A revival is under way in the chip business

TO SEE JUST how fast microchips are eating the world, look at the Consumer Electronics Show (CES), an annual gadget-fest held in Las Vegas. This year’s event includes everything from ultra-high-definition televisions, “smart” light bulbs and powered exoskeletons to concept cars that can drive sideways and house robots designed to deliver toilet paper. Every one of these must-have consumer trinkets is a computer in disguise, with innards made from microprocessors, memory chips and circuit boards.

Yet the industry upon which all this is built has been having a torrid time of late. Future Horizons, a chip-industry analysis firm, reckons that global semiconductor sales shrank by about 12% in 2019, to $410bn. Samsung Electronics, a South Korean company that is the world’s biggest maker of memory chips, reported a 56% fall in quarterly operating profits in October, dragged down by the poor performance of its chip division. Entire economies have been feeling the pain. Semiconductors account for a fifth of South Korea’s exports, which have fallen for 12 months in a row, partly owing to the sector’s weakness.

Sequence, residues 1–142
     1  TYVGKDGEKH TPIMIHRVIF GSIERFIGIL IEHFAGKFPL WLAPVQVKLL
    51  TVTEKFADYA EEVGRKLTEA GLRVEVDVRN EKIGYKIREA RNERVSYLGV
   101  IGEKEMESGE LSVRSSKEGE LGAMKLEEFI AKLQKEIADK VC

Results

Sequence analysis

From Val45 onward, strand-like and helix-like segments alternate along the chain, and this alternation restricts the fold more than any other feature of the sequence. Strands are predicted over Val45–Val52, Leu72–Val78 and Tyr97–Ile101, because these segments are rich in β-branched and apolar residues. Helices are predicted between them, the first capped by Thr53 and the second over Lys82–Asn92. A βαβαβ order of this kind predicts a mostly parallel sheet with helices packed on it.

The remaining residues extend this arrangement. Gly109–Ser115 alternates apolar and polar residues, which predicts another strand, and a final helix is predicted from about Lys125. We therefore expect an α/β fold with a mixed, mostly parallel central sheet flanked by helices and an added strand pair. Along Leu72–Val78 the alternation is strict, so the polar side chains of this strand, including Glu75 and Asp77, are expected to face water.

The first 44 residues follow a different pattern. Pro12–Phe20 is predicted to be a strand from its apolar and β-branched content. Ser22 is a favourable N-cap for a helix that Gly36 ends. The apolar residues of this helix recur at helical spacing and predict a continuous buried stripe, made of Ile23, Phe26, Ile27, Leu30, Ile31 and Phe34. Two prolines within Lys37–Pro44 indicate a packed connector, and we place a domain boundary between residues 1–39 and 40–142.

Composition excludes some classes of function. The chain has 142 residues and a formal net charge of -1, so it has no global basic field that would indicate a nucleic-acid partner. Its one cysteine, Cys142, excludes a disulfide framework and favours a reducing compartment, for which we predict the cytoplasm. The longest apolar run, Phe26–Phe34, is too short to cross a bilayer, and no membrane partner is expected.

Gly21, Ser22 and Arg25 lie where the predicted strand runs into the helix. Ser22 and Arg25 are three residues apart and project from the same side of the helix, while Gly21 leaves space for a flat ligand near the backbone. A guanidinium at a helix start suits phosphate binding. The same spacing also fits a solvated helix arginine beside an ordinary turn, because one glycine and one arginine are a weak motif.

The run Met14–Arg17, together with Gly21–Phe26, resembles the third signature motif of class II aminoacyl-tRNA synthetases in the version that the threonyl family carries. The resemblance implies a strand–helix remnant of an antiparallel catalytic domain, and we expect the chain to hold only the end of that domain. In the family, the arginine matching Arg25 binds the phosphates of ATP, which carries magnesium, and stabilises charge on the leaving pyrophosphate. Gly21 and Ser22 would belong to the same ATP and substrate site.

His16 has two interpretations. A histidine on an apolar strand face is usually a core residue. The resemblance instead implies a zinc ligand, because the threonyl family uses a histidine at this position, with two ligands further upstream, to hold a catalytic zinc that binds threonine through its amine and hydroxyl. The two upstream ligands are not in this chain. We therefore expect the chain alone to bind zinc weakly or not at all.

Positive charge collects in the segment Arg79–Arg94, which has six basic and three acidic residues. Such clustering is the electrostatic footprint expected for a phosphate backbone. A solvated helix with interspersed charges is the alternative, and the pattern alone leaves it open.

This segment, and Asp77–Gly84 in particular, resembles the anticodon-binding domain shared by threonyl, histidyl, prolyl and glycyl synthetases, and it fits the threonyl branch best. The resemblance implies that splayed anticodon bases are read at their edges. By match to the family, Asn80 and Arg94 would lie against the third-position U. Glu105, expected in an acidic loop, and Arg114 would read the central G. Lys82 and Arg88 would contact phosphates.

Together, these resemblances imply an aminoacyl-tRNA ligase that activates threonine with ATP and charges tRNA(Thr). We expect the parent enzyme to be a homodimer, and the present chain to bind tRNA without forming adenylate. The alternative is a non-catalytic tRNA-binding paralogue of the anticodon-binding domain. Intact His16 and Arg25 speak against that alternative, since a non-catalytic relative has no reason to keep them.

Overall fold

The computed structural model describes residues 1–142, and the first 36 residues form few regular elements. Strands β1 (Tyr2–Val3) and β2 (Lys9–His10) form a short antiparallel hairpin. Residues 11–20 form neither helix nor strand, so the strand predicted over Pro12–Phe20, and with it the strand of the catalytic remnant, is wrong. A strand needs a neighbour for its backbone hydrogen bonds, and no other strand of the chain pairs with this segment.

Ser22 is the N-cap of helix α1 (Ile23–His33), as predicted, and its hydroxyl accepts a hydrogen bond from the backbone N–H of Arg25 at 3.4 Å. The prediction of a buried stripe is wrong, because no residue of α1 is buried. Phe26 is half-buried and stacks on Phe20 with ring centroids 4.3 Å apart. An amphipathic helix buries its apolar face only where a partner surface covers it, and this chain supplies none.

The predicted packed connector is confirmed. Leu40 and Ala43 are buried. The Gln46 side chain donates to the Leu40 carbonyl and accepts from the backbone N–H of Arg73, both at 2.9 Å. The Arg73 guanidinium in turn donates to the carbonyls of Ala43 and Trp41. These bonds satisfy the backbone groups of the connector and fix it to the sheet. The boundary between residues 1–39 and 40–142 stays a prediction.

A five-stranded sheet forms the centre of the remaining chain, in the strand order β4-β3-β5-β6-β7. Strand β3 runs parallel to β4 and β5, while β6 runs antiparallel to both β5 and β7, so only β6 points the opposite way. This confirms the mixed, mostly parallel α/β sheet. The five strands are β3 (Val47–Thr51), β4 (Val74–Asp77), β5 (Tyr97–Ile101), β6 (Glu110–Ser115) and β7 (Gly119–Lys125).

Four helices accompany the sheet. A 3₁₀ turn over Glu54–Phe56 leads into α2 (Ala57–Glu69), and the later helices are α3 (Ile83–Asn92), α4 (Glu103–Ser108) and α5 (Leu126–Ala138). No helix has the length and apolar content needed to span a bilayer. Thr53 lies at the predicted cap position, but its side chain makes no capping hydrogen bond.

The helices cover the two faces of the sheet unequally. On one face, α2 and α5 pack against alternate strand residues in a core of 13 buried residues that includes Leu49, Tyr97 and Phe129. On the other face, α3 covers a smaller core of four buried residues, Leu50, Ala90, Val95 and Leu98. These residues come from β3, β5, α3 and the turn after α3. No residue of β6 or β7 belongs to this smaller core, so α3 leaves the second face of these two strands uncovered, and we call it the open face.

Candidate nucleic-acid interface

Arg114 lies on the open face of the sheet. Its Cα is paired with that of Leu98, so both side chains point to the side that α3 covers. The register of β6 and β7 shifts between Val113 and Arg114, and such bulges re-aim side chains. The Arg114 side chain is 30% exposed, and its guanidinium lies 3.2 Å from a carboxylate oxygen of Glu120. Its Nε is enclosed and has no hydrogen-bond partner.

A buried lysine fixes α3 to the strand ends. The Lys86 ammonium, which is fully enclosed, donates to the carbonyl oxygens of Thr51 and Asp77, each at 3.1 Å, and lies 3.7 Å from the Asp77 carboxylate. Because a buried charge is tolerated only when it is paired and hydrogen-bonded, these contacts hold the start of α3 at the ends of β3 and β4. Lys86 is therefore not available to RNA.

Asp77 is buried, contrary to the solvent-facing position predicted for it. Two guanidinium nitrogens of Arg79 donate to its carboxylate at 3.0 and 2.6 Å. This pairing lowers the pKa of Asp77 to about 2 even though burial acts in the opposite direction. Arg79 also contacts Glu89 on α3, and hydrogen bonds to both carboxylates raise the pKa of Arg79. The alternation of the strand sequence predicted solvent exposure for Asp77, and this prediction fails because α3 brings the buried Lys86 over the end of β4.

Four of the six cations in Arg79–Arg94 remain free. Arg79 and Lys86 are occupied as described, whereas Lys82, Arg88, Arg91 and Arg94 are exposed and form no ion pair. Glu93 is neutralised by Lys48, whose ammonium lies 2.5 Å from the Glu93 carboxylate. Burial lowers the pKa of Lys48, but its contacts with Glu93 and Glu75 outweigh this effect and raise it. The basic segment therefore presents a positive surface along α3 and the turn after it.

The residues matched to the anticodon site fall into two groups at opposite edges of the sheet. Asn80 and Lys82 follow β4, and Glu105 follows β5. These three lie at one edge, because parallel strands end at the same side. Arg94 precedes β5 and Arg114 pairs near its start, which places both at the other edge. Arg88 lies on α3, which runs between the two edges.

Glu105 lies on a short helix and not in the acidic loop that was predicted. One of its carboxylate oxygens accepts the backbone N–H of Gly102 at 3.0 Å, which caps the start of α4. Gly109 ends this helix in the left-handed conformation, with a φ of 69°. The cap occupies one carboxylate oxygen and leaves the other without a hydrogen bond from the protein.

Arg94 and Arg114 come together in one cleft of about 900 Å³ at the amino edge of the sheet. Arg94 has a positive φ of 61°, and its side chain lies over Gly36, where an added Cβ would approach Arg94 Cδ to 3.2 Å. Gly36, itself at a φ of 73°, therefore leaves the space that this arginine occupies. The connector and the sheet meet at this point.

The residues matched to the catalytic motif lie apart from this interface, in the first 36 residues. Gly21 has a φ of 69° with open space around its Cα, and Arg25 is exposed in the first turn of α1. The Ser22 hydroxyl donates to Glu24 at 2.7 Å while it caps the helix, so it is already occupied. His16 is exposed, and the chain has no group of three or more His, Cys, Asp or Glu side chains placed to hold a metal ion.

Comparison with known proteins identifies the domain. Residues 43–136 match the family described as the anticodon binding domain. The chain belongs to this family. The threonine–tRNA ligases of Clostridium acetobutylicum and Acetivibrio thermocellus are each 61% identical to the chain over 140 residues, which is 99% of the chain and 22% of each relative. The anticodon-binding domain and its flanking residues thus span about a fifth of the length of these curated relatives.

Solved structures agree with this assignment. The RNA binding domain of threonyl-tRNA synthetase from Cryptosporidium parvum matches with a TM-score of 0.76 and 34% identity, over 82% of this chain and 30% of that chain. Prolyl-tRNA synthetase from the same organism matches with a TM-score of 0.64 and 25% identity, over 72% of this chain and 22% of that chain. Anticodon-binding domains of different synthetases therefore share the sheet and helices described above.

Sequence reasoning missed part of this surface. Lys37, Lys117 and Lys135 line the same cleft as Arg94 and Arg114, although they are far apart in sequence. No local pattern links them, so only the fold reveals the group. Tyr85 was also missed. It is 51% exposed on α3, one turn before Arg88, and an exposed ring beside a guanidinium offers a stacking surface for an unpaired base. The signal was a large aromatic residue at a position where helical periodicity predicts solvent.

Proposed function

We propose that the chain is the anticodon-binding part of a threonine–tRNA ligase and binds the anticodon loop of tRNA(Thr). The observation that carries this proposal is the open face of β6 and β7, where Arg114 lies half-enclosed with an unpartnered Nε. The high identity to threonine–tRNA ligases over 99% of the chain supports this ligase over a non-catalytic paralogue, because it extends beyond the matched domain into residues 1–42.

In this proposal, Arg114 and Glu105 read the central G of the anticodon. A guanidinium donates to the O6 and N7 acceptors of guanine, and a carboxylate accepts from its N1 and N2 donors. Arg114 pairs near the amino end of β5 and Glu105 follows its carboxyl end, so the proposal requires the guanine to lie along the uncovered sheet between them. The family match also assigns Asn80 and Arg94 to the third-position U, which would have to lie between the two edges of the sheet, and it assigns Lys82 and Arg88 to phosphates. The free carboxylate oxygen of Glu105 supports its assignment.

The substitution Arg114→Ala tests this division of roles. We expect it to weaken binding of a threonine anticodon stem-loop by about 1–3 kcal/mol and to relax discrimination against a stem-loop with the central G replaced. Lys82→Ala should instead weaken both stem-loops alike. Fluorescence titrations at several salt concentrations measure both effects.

Now the slump seems to be ending. On January 8th Samsung predicted another fall in quarterly profits. But it was smaller than expected. The firm’s share price rose. The price of memory chips is up. Shares in SK hynix,...

via Business Feeds

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